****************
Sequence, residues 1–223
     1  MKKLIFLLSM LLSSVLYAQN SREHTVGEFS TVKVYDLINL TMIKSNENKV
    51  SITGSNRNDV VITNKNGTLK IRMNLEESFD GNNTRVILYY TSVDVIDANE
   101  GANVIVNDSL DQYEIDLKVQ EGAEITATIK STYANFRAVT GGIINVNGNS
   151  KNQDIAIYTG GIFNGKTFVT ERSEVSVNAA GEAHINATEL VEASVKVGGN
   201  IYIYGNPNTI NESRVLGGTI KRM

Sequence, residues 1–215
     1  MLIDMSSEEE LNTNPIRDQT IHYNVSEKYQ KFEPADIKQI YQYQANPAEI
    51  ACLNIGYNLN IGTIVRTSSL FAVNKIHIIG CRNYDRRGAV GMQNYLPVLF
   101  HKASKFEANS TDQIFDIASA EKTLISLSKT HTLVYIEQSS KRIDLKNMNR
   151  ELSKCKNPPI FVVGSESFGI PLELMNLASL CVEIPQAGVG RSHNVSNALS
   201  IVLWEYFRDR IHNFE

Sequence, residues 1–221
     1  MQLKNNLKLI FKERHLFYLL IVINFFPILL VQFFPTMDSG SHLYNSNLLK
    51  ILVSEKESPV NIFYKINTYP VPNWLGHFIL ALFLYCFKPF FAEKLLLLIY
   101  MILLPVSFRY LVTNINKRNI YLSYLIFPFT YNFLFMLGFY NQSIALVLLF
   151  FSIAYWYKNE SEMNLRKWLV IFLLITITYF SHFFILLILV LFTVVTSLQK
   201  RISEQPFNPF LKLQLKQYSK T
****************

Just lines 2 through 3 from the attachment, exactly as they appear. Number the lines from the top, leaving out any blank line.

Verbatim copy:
     1  MKKLIFLLSM LLSSVLYAQN SREHTVGEFS TVKVYDLINL TMIKSNENKV
    51  SITGSNRNDV VITNKNGTLK IRMNLEESFD GNNTRVILYY TSVDVIDANE